Sisters of St.Joseph of Cluny were called by God to follow in the footsteps of Blessed Anne Marie Javouhey who set sail in 1822 as a missionary for West Africa. This remarkable French woman was born in Burgundy in 1779 and grew up in the grip of the French Revolution. She had to live her faith in very difficult circumstances, in a time of persecution of the church - risking her life to shelter priests, to teach catechism and to prepare children for the sacraments. Blessed Anne Marie founded her Congregation under the patronage of St.Joseph in 1807. The first novitiate was opened in 1812 in Cluny, Burgundy - hence the name
"St.Joseph of Cluny". Her aim was to care for orphans and educate children. Beginning in Europe, then spreading to other continents, the Sisters took their mission to indigenous peoples.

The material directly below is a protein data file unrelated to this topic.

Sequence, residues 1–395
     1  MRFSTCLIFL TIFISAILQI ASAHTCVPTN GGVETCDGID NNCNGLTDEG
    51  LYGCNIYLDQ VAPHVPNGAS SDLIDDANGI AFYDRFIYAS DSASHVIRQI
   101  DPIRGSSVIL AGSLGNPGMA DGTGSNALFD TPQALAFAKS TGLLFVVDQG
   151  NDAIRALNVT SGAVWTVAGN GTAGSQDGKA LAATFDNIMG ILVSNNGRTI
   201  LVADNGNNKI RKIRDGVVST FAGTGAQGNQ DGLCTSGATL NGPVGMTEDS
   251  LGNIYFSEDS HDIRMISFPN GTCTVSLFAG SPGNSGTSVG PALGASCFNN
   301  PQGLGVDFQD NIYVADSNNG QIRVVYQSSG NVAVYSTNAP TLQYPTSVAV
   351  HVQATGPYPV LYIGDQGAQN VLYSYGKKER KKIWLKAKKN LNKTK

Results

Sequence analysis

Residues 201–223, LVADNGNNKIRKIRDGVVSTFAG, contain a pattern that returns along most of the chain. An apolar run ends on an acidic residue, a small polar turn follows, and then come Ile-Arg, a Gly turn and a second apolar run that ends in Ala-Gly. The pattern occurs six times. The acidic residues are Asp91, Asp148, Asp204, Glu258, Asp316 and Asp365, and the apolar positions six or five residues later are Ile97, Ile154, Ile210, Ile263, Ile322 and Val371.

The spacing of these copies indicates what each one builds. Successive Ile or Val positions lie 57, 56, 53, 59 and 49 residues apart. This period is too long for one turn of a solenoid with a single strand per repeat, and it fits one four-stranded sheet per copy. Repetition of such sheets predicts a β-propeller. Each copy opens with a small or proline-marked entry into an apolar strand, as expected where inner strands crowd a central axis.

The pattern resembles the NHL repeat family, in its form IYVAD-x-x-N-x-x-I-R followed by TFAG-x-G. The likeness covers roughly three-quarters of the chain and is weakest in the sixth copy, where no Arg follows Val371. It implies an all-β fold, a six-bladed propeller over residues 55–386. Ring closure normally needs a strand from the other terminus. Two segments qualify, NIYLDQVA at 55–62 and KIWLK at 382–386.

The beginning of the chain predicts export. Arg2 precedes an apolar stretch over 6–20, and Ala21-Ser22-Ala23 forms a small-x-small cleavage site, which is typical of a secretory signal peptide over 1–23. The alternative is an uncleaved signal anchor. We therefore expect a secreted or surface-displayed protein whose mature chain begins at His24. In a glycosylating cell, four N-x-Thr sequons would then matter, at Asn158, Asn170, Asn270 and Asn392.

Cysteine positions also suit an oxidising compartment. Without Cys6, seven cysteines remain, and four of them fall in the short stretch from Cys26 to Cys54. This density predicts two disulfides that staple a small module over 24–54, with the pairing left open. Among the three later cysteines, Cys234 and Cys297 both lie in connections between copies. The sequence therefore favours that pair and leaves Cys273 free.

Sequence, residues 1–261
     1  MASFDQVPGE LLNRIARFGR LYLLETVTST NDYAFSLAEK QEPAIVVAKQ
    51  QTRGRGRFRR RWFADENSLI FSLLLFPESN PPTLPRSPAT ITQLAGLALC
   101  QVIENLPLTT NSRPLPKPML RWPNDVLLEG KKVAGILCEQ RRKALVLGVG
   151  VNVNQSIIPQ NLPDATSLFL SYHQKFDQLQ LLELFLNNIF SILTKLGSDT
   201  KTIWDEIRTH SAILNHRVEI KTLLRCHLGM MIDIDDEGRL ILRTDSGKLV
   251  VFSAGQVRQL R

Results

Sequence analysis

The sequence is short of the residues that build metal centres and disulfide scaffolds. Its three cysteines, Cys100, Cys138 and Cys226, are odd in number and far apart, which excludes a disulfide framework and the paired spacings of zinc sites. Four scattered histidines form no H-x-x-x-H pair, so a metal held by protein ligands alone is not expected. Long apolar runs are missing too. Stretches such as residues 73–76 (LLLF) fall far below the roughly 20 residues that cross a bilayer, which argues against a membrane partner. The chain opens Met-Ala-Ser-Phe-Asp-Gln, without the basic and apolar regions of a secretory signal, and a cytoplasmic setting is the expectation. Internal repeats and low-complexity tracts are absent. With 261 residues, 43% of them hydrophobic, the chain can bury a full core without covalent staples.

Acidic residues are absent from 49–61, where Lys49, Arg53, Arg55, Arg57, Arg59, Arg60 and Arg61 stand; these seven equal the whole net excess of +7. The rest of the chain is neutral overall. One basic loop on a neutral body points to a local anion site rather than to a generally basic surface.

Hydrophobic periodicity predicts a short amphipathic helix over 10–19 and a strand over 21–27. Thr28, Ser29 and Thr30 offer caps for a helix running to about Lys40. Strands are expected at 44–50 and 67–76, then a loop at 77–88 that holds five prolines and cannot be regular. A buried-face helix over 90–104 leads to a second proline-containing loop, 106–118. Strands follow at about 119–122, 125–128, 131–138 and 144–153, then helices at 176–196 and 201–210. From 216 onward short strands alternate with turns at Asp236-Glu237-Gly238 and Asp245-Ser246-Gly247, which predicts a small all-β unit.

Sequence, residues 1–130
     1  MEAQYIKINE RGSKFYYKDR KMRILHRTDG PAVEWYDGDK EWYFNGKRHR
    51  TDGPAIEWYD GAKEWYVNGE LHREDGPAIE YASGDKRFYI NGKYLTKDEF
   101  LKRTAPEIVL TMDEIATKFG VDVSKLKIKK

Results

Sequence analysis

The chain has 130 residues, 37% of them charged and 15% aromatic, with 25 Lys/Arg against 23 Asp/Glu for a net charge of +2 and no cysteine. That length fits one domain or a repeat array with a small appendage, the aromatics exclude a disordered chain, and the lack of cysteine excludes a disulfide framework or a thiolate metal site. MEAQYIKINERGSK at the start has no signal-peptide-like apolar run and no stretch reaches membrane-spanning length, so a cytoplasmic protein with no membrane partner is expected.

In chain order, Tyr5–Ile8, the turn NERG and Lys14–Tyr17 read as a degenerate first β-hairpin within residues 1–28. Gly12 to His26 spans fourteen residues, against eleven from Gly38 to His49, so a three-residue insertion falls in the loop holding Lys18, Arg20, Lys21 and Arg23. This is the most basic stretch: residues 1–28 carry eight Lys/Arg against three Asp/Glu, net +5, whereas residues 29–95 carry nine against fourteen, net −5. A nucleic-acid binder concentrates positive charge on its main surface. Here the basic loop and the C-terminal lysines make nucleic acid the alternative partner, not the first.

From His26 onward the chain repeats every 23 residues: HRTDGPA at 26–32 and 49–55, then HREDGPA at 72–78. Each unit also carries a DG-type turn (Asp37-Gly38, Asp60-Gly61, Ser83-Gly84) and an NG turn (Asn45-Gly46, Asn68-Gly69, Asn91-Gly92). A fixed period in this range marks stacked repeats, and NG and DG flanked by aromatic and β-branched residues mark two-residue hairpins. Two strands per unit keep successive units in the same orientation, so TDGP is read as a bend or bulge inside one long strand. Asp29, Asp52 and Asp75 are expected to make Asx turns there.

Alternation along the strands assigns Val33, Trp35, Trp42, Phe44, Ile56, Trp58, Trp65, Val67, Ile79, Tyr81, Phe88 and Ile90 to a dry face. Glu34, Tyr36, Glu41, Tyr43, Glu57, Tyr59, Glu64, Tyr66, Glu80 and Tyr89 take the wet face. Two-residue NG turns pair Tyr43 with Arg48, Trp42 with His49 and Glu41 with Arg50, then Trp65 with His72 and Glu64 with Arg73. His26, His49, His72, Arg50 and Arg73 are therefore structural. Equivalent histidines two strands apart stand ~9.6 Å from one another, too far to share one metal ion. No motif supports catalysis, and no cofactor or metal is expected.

In 1817 she sent the first missionary Sisters to the Island of Reunion, in the Indian Ocean, where they established themselves. Then, in 1819, her siste, Mother Rosalie, left for Senegal, West Africa. In 1822 a group of Sisters went to Guadelope - French West Indies. A further convent was founded in Martinique, an island in the Caribbean, in 1823. Other houses were established in St.Pierre and Miquelon, Canada, in 1826 and Pondicherry, India in 1827. When the Sisters arrived in the Marquesas Islands in the South Pacific in 1847 they were not allowed to land at Hov-a-Oa because of the cannibalistic tendencies of the indigenous people. Consequently, the captain was obliged to change course and sail for Tahiti in the South Sea Islands some 1,400 km. away where a foundation had been made in 1844. This wide expansion took place in the space of forty years. Before her death in 1851 the enthusiastic Foundress witnessed the participation of the Congregation in the growth of the Church in all five continents, as she had desired.